Massive looting of archaeological sites in Egypt continues as security
forces turn a blind eye to thugs plundering Egypt's cultural heritage.
After Egypt's revolution, priceless artifacts were stolen from the
nation'sworld-famous Egyptian Museum in Cairo as well as from
innumerable storehouses scattered throughout the country.
Today the continued plundering of archaeological sites, which comprise
Egypt's cultural heritage in its most pristine state, presents an even
more critical challenge as sites are often remote and protected by
low-paid guards and state security seems unable or unwilling to halt
El Hibeh is one such site. On the east bank of the Nile in a particularly
impoverished area of Egypt three hour's drive south of Cairo, the
archaeological site occupies about two square kilometers and includes
cemeteries and the ruins of a walled ancient provincial town with a
limestone temple, industrial facilities, houses and possible fort and
governing residence. The remains date from the late Pharaonic,
Graeco-Roman, Coptic and early Islamic periods (approximately
11th century BCE to eighth century CE). Hibeh is of special
importance because it is one of very few relatively intact town sites
remaining in Egypt and because of its extensive archaeological
deposits dating to the Third Intermediate Period, Egypt's last
"Dark Age" and an era particularly poorly known archaeologically.
Eminent University of California, Berkeley archaeologist Dr. Carol
Redmount arrived in Egypt in February to continue her archaeological
work at the site after obtaining the proper permits from Egypt's Supreme
Council of Antiquities which controls all excavations in the country.
Twenty-four hours before departing for the site her permits were
revoked by the provincial police service with no explanation. Inquiries
revealed that a mafia-like gang led by an escaped convicted crminal
have been ruthlessly looting the site since at least June 2011. The
Supreme Council of Antiquities has been unable to stop the pillaging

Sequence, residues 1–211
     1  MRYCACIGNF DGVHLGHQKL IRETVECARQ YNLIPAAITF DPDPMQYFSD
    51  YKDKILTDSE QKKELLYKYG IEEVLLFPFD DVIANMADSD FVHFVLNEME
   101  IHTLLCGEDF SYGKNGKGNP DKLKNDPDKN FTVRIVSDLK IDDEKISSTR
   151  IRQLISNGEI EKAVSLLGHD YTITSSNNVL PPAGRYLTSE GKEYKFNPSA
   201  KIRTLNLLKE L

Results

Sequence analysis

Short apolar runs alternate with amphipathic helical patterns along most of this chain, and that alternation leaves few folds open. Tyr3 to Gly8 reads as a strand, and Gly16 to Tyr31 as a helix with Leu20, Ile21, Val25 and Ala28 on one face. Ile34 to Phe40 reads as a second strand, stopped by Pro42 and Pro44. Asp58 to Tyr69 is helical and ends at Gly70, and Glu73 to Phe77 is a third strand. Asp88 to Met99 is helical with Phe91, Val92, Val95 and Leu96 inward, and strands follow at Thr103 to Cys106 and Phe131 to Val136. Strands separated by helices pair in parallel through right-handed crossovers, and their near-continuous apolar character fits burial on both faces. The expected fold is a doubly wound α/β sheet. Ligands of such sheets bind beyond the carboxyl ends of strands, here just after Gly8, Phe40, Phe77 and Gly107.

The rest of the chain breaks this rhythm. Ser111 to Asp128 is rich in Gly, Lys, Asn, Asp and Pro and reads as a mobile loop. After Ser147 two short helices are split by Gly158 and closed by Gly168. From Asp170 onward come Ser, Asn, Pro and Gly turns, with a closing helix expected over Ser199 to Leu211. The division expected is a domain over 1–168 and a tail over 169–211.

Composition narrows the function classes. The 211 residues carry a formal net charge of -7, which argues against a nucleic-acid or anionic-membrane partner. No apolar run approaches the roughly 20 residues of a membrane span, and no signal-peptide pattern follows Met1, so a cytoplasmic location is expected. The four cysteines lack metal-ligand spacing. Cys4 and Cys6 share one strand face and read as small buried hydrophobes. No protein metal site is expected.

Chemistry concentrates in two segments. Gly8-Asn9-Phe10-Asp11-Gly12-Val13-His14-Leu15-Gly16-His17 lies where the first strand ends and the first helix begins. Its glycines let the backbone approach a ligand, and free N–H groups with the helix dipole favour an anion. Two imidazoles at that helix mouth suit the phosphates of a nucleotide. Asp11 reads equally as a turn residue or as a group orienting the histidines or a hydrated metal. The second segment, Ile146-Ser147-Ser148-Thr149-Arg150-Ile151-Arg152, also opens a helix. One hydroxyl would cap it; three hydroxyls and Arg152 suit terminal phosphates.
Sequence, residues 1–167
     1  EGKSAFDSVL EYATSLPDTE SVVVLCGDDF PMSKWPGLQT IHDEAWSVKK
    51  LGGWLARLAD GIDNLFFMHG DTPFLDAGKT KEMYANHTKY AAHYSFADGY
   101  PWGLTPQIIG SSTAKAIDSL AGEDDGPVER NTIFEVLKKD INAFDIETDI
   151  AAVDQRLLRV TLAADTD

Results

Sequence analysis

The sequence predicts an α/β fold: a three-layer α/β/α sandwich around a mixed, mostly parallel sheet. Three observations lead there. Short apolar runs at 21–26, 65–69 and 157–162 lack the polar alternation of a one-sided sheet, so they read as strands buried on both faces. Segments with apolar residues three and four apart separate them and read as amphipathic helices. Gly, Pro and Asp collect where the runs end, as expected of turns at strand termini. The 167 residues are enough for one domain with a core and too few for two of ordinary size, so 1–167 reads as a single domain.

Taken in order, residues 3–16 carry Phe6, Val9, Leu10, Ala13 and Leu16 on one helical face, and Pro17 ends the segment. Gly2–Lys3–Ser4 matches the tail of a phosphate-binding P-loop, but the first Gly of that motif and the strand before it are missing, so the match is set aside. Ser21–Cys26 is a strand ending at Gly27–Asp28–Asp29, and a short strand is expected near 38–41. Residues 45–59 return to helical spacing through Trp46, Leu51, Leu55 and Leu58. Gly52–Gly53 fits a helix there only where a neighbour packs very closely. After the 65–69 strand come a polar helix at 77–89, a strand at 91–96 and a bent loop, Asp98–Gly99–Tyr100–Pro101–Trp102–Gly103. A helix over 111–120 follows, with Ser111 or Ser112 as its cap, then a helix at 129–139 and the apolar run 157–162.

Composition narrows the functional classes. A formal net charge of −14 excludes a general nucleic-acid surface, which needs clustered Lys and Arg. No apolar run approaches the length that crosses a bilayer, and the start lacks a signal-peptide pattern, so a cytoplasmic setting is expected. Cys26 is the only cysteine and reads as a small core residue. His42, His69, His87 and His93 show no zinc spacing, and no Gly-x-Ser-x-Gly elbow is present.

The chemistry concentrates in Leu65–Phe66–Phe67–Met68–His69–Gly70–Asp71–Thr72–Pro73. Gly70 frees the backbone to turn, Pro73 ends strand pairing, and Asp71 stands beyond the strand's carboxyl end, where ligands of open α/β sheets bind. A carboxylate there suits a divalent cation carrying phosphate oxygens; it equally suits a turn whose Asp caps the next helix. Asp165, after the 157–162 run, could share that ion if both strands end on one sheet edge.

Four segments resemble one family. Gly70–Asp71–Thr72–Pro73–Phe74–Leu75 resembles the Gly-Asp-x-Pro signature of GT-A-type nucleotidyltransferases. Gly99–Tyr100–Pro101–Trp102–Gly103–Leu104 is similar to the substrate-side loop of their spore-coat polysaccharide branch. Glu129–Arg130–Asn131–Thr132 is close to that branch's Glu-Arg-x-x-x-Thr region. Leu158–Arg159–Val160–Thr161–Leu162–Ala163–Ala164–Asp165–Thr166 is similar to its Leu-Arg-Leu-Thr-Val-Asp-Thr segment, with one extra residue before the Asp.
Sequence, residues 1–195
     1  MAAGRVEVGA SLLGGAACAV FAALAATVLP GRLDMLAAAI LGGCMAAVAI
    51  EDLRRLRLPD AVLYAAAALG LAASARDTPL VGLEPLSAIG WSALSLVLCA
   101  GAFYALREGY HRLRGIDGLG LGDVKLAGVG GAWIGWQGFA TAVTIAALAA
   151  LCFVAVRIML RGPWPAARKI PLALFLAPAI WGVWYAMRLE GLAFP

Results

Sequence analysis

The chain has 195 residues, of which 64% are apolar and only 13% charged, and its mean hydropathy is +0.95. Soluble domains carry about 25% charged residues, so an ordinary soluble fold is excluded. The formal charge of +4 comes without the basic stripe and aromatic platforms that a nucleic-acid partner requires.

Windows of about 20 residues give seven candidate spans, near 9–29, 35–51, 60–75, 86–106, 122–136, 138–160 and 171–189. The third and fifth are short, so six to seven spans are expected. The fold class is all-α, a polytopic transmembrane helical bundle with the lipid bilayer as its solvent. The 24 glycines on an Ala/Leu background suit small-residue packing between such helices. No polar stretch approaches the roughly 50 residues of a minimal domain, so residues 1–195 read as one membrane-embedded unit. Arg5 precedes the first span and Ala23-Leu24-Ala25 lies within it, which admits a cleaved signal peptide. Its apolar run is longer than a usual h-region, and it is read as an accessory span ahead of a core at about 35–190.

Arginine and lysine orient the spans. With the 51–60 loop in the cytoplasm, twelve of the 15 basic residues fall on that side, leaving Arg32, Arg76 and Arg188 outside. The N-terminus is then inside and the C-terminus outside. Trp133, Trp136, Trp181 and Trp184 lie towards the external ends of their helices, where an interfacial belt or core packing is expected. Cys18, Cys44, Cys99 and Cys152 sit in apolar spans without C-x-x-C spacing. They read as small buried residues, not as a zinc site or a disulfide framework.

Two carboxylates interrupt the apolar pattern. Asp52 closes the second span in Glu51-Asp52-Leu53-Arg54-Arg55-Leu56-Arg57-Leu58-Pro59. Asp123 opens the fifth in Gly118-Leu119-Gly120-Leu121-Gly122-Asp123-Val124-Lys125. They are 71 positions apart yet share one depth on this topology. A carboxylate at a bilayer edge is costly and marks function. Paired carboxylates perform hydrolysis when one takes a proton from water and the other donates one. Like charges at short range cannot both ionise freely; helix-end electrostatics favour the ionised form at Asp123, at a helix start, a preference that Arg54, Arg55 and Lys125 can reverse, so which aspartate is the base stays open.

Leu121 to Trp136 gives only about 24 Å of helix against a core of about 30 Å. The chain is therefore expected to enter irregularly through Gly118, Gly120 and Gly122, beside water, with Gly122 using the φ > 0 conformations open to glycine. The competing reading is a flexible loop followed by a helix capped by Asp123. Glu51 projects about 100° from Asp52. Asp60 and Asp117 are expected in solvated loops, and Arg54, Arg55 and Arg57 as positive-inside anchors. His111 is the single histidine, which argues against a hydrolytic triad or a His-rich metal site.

despite repeated appeals to local police services. Open, systematic
looting continues on a daily basis as of the writing of this press release.
Dr. Redmount has not been allowed to visit the site nor do any work.
"Hibeh is vitally important to understanding the character of ancient Egypt
in the Third Intermediate Period, a very confusing and confused historical
era for which only limited archaeological resources exist. Archaeology is
controlled destruction, but looting is obliteration. It destorys an
irreplaceable, nonrenewable cultural resource that belongs to humanity,"
says Dr. Redmount.
Redmount's team of six researchers from UC Berkeley is currently unable
to do any of its proposed academic program at Hibeh for which they had
received permission from the Egyptian authorities. This is costing the team
tens of thousands of dollars in lost grants.
"Our primary concern of course is the incalculable loss of precious
archaeological evidence. Archaeologists dream of excavating undisturbed
or even relatively undisturbed historic sites. We are losing Hibeh for
posterity as we speak," adds Dr. Redmount.
Independent verification of the scale of the looting has been provided by
visitors to the site who sent photos to Dr. Redmount, including pictures
of looting in progress.
Photographic evidence of the looting is available.
More pictures and details can be found at the Save El Hibeh Egypt Facebook
page and at http://neareastern.berkeley.edu/hibeh/index.htm.